During a loop, the gyroscope of the above arrangement will attain a condition wherein the major trunnion momentarily lines up with the rotor spin axis causing the gyro to precess a limited amount sufiicient to pass the spin axis out of alignment with the axis of the major trunnion while the major portion of the preces'sive torque acts through the yieldable constraint to re-orient the minor trunnions of the gimbal to becomenormal to the rotor spin axis. It is desirable, however, to limit the amount of precession required for the above-stated purpose to a minimum and the attainment of this end is provided by the present invention.

An object of the present invention, therefore, is to provide a novel and improved non-tumbling;

free gyroscope.

the spin axis with the major axis is brought a minimum. I

Other and further objects and advantages of the invention will appear more fully-hereinafter from a consideration of the detailed description which follows, taken together with the accompanying drawings. It is to be expressly understood, however, that the drawing is for the purposeof illustration only and is not designed as gyro of the above-referred to copending application and the non-tumbling gyro hereof.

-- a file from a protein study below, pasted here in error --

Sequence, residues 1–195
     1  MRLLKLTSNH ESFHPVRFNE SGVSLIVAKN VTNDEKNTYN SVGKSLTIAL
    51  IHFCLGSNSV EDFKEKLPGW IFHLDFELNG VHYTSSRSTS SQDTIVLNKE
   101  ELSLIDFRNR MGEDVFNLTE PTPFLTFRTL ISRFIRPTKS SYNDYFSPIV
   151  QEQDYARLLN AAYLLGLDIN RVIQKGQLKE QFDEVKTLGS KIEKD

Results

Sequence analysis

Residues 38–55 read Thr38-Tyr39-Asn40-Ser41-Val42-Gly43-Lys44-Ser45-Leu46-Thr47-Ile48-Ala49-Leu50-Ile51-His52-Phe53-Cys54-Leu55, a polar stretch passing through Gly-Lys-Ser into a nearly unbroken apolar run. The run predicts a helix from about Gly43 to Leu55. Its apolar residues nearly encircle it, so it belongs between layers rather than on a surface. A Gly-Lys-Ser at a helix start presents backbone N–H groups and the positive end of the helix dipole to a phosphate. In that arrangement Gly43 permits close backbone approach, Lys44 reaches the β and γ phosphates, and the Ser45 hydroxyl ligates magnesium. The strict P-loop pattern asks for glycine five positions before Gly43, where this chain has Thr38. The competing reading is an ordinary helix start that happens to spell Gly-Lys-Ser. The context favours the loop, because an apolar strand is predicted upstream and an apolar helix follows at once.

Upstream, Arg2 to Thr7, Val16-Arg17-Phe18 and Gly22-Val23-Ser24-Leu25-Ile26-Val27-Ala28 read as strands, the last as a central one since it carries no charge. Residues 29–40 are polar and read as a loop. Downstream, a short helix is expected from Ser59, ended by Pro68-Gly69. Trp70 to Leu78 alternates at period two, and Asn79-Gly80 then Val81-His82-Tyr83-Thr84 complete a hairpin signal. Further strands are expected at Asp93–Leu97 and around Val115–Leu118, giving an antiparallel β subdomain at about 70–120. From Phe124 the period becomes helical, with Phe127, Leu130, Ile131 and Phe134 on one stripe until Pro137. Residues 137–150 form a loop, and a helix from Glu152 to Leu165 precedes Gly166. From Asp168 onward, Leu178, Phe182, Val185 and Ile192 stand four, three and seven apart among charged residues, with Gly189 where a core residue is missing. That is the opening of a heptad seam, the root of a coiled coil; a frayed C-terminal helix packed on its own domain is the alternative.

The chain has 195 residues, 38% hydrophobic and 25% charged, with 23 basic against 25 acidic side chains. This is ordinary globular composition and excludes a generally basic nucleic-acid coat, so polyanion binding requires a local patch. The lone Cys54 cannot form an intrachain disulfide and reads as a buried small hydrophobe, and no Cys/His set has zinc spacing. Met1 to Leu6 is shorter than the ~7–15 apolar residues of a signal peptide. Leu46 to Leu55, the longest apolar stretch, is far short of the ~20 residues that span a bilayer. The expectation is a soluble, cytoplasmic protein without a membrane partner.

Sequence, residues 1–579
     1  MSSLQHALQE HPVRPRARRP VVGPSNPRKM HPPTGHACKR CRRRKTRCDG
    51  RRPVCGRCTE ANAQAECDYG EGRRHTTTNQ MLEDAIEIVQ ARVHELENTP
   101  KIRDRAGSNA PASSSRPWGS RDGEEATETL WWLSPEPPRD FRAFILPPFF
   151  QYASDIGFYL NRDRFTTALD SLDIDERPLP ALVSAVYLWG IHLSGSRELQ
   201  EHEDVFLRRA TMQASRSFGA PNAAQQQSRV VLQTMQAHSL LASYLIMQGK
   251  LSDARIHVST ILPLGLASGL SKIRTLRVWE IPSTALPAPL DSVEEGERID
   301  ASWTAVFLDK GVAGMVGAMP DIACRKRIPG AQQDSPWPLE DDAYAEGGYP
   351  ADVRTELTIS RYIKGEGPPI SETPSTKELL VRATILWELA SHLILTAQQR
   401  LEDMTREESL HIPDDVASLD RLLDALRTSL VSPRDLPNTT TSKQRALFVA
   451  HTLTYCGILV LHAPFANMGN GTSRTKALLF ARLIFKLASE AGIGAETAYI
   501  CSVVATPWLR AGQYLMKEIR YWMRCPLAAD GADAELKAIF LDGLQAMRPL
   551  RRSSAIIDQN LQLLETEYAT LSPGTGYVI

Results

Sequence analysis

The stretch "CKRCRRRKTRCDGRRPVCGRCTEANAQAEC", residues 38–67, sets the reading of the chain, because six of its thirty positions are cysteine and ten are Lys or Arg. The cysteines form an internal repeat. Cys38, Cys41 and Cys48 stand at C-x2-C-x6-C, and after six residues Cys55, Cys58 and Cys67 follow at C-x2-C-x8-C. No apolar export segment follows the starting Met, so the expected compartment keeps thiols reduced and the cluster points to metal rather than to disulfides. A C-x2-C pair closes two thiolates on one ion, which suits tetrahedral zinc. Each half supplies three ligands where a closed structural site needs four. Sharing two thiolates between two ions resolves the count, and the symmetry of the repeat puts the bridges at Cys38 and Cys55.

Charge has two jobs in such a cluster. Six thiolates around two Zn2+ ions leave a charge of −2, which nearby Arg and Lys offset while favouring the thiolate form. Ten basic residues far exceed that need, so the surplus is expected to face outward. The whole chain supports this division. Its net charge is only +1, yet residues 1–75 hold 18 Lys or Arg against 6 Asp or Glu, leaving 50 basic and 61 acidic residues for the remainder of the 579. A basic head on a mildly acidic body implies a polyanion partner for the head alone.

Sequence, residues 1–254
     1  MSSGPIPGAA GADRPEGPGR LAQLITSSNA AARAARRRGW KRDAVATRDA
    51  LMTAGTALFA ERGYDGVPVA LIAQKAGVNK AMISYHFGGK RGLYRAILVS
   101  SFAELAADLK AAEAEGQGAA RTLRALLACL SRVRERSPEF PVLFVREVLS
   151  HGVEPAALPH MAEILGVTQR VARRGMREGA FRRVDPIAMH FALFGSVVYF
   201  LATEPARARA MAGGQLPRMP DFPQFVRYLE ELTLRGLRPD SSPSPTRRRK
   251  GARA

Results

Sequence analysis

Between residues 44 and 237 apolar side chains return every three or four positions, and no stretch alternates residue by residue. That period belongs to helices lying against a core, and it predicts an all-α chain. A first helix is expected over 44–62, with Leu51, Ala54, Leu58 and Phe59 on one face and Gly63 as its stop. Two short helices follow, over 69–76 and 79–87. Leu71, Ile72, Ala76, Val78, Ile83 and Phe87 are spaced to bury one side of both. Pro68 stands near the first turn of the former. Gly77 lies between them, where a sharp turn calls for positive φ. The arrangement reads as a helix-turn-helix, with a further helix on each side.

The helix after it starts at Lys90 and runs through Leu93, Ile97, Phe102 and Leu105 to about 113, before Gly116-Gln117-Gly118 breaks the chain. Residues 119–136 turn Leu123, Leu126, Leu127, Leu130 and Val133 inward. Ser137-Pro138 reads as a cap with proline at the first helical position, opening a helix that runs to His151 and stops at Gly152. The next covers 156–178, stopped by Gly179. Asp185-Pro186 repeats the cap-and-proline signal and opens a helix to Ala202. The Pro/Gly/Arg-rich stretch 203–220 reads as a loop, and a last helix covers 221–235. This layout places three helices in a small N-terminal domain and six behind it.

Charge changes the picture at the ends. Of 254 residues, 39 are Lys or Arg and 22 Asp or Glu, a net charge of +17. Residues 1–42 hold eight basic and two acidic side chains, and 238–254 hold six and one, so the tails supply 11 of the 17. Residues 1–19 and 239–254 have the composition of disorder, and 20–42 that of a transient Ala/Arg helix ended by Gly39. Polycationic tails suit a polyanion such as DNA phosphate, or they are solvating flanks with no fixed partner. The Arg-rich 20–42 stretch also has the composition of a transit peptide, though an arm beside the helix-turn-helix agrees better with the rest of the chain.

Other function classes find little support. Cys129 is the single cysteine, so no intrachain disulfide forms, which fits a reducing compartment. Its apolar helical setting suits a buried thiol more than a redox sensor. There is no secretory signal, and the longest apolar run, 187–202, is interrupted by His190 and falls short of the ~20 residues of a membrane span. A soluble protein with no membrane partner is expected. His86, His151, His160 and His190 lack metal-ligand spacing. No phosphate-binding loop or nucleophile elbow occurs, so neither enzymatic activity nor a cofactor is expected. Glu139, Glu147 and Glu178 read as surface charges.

A conventional artificial horizon gyroscope generally comprises a rotor provided with a normally vertical spin axis mounted within a rotor casing I0, as shown in Figure 2, the casing being mounted for oscillation within a gimbal Ii about a first normally horizontal axis by way of minor trunnions ii, the gimbal, in turn, being mounted for oscillation about a second normally horizontal axis perpendicular to the first horizontal axis, the first axis of oscillationbeing defined by trunnions I2 which are normally arranged transversely with respect to a craft and the second axis of oscillation being defined by trunnion-s13 which are arranged parallel with the fore and aftcraft axis. The inner trunnions are, therefore, referred to as the pitch axis and the outer trunnions as the bank axis. V

For normal flight conditions, the conventional gyro reliably serves its function in indicating 'pitch and bank. In acrobatic flying, however,

it becomes unreliable and must be centralized provided with normally vertical spin axis mountglass.